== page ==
Gone: Karmichael Hunt, Lachlan Maranta, Eto Nabuli, Izaia Perese
Staff: Some shuffling here as Brad Thorn looks to make his mark in the backroom too. Jim McKay will handle attack while Peter Ryan will almost certainly shore up the occasionally shaky defence. The biggest wildcard here is the use of world renowned kicking guru Dave Alred. The Reds struggled mightily here last season both at the goal and in play.
The Big Questions:
Can the Backs finally match the forwards? The pack has been the shining light of the Reds team for the last three seasons, but as the results will tell you, having a dominant scrum and lineout does not win you games. Teams have punished Reds errors and found ways to nullify an occasionally unimaginative backline. 2019 is the year that the back line will need to solidify, utilise the skills of Petaia, Naivalu, Daugunu et al and consistently put points on the board, then back it up with staunch defence.
Can anyone kick? Sounds odd, given I have seen Hamish Stewart hammer touchfinder after touchfinder in previous seasons as well as kick goals with metronomic precision. As the team improves, the margins will get tighter and the need for reliable points and metres will change from a crowd groan to howls of agony. Bringing in Dave Alred will help with this and hopefully flow through all season.
The Culture Movement: It was clear last year, even if unacknowledged, that Brad Thorn wanted to run things a certain way, and you were either on the bus, or under it. The change appears mostly complete, so now is the time to start reaping the rewards. Win or lose, there won’t be storylines about exiled players. Brad Thorn has made his bed and now is when he should start to see results. Last year was up and down (the insipid loss to the Sunwolves being a particular lowlight) but there were positives even in some of the losses.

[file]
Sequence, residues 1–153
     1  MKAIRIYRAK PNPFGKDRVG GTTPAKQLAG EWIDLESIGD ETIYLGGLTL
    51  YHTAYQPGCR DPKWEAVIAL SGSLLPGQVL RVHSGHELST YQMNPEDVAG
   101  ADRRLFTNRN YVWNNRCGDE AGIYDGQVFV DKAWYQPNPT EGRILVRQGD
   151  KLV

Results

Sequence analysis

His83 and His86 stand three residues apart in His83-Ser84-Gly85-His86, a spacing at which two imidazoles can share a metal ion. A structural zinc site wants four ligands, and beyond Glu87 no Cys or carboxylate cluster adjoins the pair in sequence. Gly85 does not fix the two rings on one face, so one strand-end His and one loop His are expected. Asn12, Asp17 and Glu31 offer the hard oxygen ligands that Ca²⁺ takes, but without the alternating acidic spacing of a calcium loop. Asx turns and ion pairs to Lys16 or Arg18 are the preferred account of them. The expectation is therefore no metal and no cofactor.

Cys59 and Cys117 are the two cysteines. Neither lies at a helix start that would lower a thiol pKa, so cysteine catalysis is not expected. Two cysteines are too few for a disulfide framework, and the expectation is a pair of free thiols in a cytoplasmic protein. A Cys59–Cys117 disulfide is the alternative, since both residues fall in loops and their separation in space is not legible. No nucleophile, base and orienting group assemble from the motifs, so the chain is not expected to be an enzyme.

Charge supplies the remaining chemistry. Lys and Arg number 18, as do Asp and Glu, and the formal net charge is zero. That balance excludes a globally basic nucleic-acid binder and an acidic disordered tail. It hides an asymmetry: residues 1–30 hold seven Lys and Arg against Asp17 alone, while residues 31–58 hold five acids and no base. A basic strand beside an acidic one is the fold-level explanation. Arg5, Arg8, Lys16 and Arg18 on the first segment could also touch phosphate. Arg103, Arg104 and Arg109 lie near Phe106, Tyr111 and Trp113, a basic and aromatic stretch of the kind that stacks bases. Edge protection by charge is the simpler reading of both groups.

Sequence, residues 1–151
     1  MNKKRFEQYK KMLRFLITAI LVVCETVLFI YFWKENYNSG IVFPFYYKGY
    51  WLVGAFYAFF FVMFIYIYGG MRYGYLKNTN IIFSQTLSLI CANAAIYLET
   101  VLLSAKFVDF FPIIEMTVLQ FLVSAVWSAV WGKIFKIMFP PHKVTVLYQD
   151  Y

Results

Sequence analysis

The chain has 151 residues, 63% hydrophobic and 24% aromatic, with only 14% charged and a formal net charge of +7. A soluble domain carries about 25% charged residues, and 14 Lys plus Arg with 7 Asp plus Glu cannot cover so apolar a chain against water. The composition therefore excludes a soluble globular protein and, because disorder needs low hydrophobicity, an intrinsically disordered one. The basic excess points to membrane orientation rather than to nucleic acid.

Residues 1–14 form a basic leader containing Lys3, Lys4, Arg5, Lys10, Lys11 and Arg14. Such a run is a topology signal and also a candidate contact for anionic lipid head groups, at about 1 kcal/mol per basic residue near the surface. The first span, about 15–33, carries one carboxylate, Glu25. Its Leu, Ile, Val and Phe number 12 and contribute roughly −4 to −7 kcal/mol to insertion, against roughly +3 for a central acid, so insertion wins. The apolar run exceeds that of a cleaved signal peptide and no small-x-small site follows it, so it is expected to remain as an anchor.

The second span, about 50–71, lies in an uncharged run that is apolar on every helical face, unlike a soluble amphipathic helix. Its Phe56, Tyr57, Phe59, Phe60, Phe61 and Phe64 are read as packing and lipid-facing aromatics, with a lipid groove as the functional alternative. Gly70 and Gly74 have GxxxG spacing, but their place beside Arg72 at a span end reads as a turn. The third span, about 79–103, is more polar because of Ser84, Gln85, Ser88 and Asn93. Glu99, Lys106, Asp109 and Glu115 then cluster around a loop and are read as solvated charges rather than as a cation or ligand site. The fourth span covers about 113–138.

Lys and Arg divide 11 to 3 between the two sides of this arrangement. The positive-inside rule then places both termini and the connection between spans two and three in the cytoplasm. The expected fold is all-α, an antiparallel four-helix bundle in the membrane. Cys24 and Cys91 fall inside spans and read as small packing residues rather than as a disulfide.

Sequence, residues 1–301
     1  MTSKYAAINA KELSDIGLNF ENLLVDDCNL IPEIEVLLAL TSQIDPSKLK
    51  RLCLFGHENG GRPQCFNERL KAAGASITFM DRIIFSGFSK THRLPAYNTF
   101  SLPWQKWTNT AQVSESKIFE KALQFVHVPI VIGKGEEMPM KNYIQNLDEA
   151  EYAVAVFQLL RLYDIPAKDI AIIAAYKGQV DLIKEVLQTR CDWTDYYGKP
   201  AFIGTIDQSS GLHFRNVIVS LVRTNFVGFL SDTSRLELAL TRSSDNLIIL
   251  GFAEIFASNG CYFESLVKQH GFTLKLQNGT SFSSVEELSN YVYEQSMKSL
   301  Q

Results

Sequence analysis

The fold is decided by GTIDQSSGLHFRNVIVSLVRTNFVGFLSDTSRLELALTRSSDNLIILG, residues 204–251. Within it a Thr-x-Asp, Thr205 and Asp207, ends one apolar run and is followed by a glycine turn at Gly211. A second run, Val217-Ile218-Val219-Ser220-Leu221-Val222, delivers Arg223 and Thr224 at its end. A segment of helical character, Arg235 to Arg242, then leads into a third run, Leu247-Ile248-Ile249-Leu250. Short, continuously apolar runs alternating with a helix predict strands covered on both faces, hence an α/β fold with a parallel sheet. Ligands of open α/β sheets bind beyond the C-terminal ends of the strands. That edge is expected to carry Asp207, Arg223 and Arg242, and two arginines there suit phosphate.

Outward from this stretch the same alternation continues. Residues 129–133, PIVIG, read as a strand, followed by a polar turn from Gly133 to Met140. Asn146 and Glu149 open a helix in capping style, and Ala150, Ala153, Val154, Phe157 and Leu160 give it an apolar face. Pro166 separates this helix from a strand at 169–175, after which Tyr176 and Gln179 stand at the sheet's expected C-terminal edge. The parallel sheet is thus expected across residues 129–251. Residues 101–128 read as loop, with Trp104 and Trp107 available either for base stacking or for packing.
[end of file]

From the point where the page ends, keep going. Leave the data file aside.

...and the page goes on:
Predicted Match Day Squad: 1. JP Smith 2. Brandon Paenga-Amosa 3. Taniela Tupou 4. Lukhan Salakaia-Loto 5. Izack Rodda 6. Angus Scott-Young 7. Liam Wright 8. Caleb Timu 9. Tate McDermott 10. Hamish Stewart 11. Filipo Daugunu 12. Samu Kerevi 13. Jordan Petaia 14. Sefa Naivalu 15. Bryce Hegarty
16. Alex Mafi 17. Harry Hoopert 18. Ruan Smith 19. Angus Blyth 20. Adam Korczyk 21. Moses Sorovi. 22. Duncan Paia’aua 23. Aidan Toua
Notes- this is based on a 5-3 split of the bench, noting that Thorn tended to go 6-2 at points- if that was the case I would add Higginbotham to the bench and drop either Paia’aua or Toua. The announcement this week of Samu Kerevi as 2019 Captain gives further weight to the thought that with the continued development of the young tyros in the backrow, the role of Higginbotham will reduce.
Ben: The draw is relatively kind to the Reds this year, with only two trips to NZ and no visit to Argentina. After a bye in Rd 1, a start away to the Highlanders then home to the Crusaders will be a tough beginning. I suspect that by the time the team flies to South Africa for week 9 that we will know how the season will pan out. Three straight home games before that trip will allow a marker to be laid out.